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Dealing with risks to our children

Our children are exposed to all sorts of risks of harm.

We do our best protect them from the various risks they could fall victim to.

The greater our awareness of a risk, the greater the precautions we take, or insist that our children take, to avoid or minimize that risk.

Our children’s own awareness of risks is also important, though they are less able to appreciate how serious consequences can be.

We must drill into their heads that they must look both ways before crossing the street, for example, because they simply do not appreciate how dangerous it is to dart out without checking for traffic.

We see all sorts of public awareness campaigns aimed at raising awareness for this or that risk: because increased awareness leads to increased precautions and, in the case of safety risks, fewer injuries.

Some risks can be eliminated.  Your child will never get hurt on a trampoline if you ensure your child is never allowed to play on one, for example.

Of course, there was a time when the risk of backyard trampolines was unknown to parents.  It was not until news broke of children suffering injuries on trampolines that there was an awareness of that risk.

Other risks cannot be eliminated.  The best we can do for those risks is to minimize them.

One risk that we wish like heck we could eliminate for our children is the risk of sexual abuse.  It’s up to us as parents to minimize this risk by keeping our children away from potential offenders.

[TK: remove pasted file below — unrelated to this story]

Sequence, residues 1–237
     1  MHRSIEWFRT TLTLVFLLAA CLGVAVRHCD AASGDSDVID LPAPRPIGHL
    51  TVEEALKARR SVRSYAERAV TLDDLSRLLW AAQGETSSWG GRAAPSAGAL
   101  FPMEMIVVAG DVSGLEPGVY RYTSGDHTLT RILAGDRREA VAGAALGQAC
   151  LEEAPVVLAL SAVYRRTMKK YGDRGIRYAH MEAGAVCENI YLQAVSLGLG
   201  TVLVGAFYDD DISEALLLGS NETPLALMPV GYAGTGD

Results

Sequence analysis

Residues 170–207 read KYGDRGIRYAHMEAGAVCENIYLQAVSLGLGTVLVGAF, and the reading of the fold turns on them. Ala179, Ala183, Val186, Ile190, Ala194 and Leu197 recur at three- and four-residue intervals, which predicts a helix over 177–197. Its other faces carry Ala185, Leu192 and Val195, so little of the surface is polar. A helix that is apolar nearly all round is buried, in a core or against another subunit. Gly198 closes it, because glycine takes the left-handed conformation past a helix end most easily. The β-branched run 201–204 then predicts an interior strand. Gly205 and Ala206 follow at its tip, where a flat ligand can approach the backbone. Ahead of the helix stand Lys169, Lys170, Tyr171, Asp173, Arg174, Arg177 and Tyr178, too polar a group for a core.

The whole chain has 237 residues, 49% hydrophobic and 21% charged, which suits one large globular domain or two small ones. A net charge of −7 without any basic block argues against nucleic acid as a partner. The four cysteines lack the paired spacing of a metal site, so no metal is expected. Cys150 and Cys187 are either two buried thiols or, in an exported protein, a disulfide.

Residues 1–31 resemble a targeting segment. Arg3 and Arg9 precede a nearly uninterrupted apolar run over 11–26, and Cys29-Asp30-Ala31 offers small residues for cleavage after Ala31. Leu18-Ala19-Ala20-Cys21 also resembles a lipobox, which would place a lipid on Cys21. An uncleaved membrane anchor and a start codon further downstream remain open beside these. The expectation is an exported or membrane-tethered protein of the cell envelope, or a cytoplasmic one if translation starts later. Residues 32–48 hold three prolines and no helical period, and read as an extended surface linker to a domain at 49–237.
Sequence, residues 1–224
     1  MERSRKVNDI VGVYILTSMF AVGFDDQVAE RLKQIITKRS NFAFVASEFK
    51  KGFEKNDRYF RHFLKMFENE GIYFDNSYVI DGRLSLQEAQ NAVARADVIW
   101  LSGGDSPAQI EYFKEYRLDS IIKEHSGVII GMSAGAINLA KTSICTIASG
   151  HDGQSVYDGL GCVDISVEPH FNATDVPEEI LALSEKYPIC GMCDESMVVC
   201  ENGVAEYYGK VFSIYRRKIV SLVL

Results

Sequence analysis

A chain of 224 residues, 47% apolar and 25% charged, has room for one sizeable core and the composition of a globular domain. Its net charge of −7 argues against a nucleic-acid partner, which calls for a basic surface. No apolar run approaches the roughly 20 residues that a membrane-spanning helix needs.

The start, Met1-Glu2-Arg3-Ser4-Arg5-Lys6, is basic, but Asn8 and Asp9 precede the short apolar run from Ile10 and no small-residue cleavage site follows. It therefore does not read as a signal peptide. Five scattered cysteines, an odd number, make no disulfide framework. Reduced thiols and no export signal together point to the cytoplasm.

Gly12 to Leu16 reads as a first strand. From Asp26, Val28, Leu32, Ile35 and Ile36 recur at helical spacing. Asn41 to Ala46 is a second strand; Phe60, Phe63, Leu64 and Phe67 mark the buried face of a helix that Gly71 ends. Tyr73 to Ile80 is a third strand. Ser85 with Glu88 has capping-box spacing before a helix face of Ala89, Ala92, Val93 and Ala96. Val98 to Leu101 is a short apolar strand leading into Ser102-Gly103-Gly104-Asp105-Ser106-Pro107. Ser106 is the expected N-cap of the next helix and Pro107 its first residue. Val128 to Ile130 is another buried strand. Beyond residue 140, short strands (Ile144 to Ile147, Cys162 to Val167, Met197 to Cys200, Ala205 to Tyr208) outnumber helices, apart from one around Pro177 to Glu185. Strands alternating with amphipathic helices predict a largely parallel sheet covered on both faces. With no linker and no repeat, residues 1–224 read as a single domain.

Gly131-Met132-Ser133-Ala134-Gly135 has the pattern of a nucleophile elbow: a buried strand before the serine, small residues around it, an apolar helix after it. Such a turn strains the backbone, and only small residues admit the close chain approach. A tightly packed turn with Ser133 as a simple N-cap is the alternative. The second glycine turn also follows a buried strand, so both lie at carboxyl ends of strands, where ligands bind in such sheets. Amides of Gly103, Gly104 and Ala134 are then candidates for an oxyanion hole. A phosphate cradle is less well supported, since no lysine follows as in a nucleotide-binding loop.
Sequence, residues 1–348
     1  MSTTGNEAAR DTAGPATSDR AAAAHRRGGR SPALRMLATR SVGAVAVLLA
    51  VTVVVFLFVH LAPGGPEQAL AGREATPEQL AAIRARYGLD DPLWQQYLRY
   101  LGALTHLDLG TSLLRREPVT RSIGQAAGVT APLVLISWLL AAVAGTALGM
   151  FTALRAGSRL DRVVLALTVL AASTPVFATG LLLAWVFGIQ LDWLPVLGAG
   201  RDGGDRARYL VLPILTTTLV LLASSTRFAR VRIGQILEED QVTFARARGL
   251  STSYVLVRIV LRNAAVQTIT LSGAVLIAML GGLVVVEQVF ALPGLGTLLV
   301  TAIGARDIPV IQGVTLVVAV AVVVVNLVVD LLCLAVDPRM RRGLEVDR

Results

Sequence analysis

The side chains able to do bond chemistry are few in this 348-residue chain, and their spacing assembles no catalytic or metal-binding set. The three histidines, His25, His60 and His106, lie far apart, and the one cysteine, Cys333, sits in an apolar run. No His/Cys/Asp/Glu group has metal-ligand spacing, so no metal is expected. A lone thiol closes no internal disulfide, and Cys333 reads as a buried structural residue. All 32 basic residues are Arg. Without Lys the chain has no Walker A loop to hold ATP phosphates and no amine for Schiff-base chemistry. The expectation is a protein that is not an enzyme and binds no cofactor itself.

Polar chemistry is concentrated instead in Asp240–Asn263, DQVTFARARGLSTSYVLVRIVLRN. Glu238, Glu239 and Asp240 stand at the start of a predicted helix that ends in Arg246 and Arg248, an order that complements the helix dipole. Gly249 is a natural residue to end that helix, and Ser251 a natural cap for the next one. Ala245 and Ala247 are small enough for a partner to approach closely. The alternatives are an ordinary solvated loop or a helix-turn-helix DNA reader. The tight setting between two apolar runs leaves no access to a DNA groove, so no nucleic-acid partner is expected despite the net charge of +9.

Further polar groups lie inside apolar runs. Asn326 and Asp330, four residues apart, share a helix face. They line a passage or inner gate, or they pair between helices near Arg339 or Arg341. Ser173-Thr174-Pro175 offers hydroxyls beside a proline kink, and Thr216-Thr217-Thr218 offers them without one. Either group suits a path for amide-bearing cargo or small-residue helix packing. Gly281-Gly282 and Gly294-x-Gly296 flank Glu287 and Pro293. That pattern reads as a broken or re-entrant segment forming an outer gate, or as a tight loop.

To a large extent, we rely on others to ensure our children do not become sexual prey.

For example, we rely on the school system to ensure teachers are carefully screened and to ensure that policies and procedures are in place to eliminate the possibility that our children could fall prey to a sexually deviant teacher who has slipped through the screening process.

Our level of reliance on the school system is built on a trust that the screenings, policies and procedures are effective at protecting our children.

If we had a clue that the system was failing to protect our children, we would take immediate action to either fix the broken system or remove our children altogether from that system by, perhaps, home schooling them.

Keep us in the dark and we are powerless to protect our children.

In my opinion, children’s safety is important enough that our laws should promote full disclosure of risks of harm so that we are best equipped as parents, and as a society, to take steps to eliminate or keep those risks to a minimum.

The key mechanism for identifying and addressing harms to children in our society is by way of a lawsuit.  If there is a lawsuit brought to recover compensation for harms and losses to children, the law should prohibit the alleged wrong doer from doing just the opposite of full disclosure and imposing confidentiality terms on settlements.

In my view, the laws should apply not only to child sexual abuse risks, but also to any other risk to children’s safety.

If a child suffers harms and losses, whether through sexual predation, a dangerous toy, medical malpractice or any other cause, and a lawsuit is brought to recover compensation for those harms and losses, imposed confidentiality over the settled results of the lawsuit should not be permitted.

As a parent, I want to know as much as possible about the risks of harm to my children so that I have the best chance to protect them.  As a member of society, I want there to be general awareness about those risks so that we can take collective steps to protect the most vulnerable among us.

Published October 27, 2011 in the Kelowna Capital News